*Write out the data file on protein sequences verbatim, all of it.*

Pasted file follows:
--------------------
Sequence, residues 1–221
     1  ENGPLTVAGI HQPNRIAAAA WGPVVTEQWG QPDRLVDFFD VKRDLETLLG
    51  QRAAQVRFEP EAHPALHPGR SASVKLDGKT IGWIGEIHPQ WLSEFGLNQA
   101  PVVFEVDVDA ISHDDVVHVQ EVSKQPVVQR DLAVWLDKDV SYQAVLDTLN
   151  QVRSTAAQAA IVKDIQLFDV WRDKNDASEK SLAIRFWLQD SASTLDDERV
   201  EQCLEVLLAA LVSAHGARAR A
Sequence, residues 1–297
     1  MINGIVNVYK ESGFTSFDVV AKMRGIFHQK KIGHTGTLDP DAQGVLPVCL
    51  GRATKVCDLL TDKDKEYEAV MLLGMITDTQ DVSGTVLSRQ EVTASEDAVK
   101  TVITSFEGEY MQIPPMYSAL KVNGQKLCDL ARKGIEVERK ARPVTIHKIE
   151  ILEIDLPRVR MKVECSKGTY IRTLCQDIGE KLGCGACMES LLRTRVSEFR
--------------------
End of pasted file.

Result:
Sequence, residues 1–221
     1  ENGPLTVAGI HQPNRIAAAA WGPVVTEQWG QPDRLVDFFD VKRDLETLLG
    51  QRAAQVRFEP EAHPALHPGR SASVKLDGKT IGWIGEIHPQ WLSEFGLNQA
   101  PVVFEVDVDA ISHDDVVHVQ EVSKQPVVQR DLAVWLDKDV SYQAVLDTLN
   151  QVRSTAAQAA IVKDIQLFDV WRDKNDASEK SLAIRFWLQD SASTLDDERV
   201  EQCLEVLLAA LVSAHGARAR A
Sequence, residues 1–297
     1  MINGIVNVYK ESGFTSFDVV AKMRGIFHQK KIGHTGTLDP DAQGVLPVCL
    51  GRATKVCDLL TDKDKEYEAV MLLGMITDTQ DVSGTVLSRQ EVTASEDAVK
   101  TVITSFEGEY MQIPPMYSAL KVNGQKLCDL ARKGIEVERK ARPVTIHKIE
   151  ILEIDLPRVR MKVECSKGTY IRTLCQDIGE KLGCGACMES LLRTRVSEFR